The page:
Teaching at Rasmussen

Discussion in 'Online & DL Teaching' started by graymatter, Jan 18, 2012.

  1. graymatter

    graymatter Member

    I applied for an online adjunct position at Rasmussen months (and months and months) ago. They contacted me today to inquire as to whether I'm interested. My schedule is pretty full (this Spring I have 14 total courses for 3 universities).

    Anyone have any feedback on Rasmussen? I notice that they use Angel (which I disliked; at least with Grand Canyon). Pay seems to be $1500 per 10 week course - which certainly isn't great unless there are 8 people per class. :)
  2. Shawn Ambrose

    Shawn Ambrose New Member

    Do you have the time to do it, and is the course at Rasumssen a course that you haven't taught before?
  3. Bruce

    Bruce Moderator

    If you're teaching 14 courses for a single semester, you've stretched yourself WAY too thin, IMO, and that plays right into the hands of the anti-DL people who argue that DL schools are too reliant on adjunct faculty with heavy course loads that they can't adequately handle.

    While I admit I have a full-time-plus regular job and teaching is more for personal enjoyment and "fun money", I still take a very active role in the classroom in regards to participation, grading papers, etc. I once agreed to teach *3* courses at the same time, and I nearly lost my mind; pretty much every spare minute I had was devoted to managing participation, moderating fights between learning team members, and grading research papers. My wife made me promise I would never again accept more than once course at a time, two if they overlapped.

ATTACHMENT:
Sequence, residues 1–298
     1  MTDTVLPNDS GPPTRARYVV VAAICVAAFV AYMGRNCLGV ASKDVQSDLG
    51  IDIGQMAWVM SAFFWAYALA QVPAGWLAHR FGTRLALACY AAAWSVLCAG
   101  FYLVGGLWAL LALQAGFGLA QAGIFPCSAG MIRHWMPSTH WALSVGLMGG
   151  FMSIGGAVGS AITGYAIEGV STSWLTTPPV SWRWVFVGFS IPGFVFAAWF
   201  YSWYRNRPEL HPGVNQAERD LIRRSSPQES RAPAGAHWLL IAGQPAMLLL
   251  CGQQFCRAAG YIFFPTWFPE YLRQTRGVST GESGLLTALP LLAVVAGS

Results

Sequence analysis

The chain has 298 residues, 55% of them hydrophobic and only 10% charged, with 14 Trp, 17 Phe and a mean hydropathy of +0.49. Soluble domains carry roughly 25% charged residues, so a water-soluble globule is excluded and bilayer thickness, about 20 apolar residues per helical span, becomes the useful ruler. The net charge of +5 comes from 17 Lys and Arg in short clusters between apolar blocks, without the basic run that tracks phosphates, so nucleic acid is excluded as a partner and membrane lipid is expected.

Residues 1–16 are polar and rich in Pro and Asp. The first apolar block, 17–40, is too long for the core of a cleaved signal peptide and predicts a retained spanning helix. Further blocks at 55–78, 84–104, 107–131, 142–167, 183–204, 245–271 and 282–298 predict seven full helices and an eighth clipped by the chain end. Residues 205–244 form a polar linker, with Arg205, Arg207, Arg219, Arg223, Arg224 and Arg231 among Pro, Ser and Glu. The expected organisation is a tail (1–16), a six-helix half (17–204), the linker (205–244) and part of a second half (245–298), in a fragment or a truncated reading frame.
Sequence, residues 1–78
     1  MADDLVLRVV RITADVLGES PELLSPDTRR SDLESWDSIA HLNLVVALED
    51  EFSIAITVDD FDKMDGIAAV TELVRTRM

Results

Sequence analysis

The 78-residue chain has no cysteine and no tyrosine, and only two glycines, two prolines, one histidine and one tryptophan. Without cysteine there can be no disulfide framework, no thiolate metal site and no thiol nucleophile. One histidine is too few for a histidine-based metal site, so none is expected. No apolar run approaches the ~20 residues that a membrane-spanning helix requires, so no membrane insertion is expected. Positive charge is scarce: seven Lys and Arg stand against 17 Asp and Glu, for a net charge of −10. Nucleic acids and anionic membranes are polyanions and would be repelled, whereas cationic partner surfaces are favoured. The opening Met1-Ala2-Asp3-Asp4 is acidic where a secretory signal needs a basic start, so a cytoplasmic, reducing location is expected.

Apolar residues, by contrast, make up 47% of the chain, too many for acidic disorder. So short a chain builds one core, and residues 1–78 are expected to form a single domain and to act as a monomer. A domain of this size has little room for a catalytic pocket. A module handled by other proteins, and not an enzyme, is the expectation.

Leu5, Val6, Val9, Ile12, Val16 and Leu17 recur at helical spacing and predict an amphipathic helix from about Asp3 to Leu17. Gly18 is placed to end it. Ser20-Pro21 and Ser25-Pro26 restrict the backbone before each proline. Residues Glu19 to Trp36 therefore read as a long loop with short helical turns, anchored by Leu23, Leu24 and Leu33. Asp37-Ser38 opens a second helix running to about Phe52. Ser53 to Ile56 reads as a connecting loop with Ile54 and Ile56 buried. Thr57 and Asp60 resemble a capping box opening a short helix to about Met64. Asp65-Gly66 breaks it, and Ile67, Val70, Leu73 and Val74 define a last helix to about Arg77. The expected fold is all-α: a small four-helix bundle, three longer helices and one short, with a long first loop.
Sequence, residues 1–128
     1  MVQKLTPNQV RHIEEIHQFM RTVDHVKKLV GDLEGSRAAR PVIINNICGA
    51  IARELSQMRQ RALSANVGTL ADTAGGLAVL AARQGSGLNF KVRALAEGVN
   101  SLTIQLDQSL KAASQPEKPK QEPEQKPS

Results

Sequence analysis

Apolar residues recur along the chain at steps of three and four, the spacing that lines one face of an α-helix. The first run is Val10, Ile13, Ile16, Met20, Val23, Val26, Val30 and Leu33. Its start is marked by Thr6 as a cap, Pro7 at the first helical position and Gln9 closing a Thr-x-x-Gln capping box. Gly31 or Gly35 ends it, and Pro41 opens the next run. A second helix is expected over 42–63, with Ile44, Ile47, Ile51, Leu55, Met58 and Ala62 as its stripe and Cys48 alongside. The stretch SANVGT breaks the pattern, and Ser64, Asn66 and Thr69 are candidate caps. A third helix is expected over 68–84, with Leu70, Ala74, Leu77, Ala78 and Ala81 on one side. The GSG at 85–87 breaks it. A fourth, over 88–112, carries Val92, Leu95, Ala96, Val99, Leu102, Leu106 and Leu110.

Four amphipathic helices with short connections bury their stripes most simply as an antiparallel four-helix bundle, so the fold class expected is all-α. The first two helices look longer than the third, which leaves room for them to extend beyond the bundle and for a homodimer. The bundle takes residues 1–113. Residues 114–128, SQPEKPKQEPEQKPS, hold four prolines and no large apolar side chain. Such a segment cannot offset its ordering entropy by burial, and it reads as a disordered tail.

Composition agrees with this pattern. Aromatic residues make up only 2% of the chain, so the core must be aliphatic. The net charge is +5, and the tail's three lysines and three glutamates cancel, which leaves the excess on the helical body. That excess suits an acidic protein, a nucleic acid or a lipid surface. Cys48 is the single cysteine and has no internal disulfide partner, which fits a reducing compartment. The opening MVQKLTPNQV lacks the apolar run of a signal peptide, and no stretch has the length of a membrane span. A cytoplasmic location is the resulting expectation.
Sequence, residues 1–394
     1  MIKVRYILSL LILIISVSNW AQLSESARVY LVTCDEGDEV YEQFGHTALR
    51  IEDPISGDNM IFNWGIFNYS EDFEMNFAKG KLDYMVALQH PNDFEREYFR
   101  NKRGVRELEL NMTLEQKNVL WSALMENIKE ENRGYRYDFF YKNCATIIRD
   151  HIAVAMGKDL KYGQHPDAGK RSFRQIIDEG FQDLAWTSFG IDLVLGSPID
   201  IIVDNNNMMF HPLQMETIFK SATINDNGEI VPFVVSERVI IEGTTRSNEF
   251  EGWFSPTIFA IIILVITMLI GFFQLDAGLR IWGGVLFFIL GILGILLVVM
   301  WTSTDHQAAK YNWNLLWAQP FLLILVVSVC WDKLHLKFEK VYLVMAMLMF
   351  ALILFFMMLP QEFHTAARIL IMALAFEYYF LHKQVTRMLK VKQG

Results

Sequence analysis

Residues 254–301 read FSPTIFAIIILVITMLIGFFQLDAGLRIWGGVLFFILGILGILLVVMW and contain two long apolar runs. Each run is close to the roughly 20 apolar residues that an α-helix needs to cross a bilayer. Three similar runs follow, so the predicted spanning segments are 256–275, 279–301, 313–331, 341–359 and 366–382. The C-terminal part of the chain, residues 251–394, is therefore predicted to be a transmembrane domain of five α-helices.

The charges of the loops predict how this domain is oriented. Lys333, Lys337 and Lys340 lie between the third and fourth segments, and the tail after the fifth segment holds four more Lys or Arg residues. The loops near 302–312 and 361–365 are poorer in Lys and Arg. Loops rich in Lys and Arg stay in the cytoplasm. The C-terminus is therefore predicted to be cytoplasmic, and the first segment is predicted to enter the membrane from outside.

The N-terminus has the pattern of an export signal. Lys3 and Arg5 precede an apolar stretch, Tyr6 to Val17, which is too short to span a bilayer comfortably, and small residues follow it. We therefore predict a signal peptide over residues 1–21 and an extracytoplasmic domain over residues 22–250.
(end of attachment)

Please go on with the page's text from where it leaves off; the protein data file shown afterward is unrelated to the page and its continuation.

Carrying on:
So, 14 courses in a single semester? Do you really think you can be an effective teacher with that kind of course load? Are these schools legitimately accredited?
    Last edited by a moderator: Jan 18, 2012
  4. Messdiener

    Messdiener Active Member

    Bruce, I am not a DL instructor, but I would imagine that you are definitely correct about 14 being way too many. I teach five sections at a secondary school (30+ students per class) and find that to be madness. I cannot even begin to imagine what more than that would be like. Not being able to just talk things out but rather having to formulate written responses to deal with each and every situation must be incredibly frustrating (and time-consuming).

    With that in mind, I have to side with Bruce when it comes to telling the OP to reconsider! I can understand needing the money, but that is a *lot* of work!
    Last edited by a moderator: Jan 18, 2012
  5. ryoder

    ryoder New Member

    Just another perspective. Most people don't get rich working 40 hrs a week. The university and students should hold him to some sort of quality standard.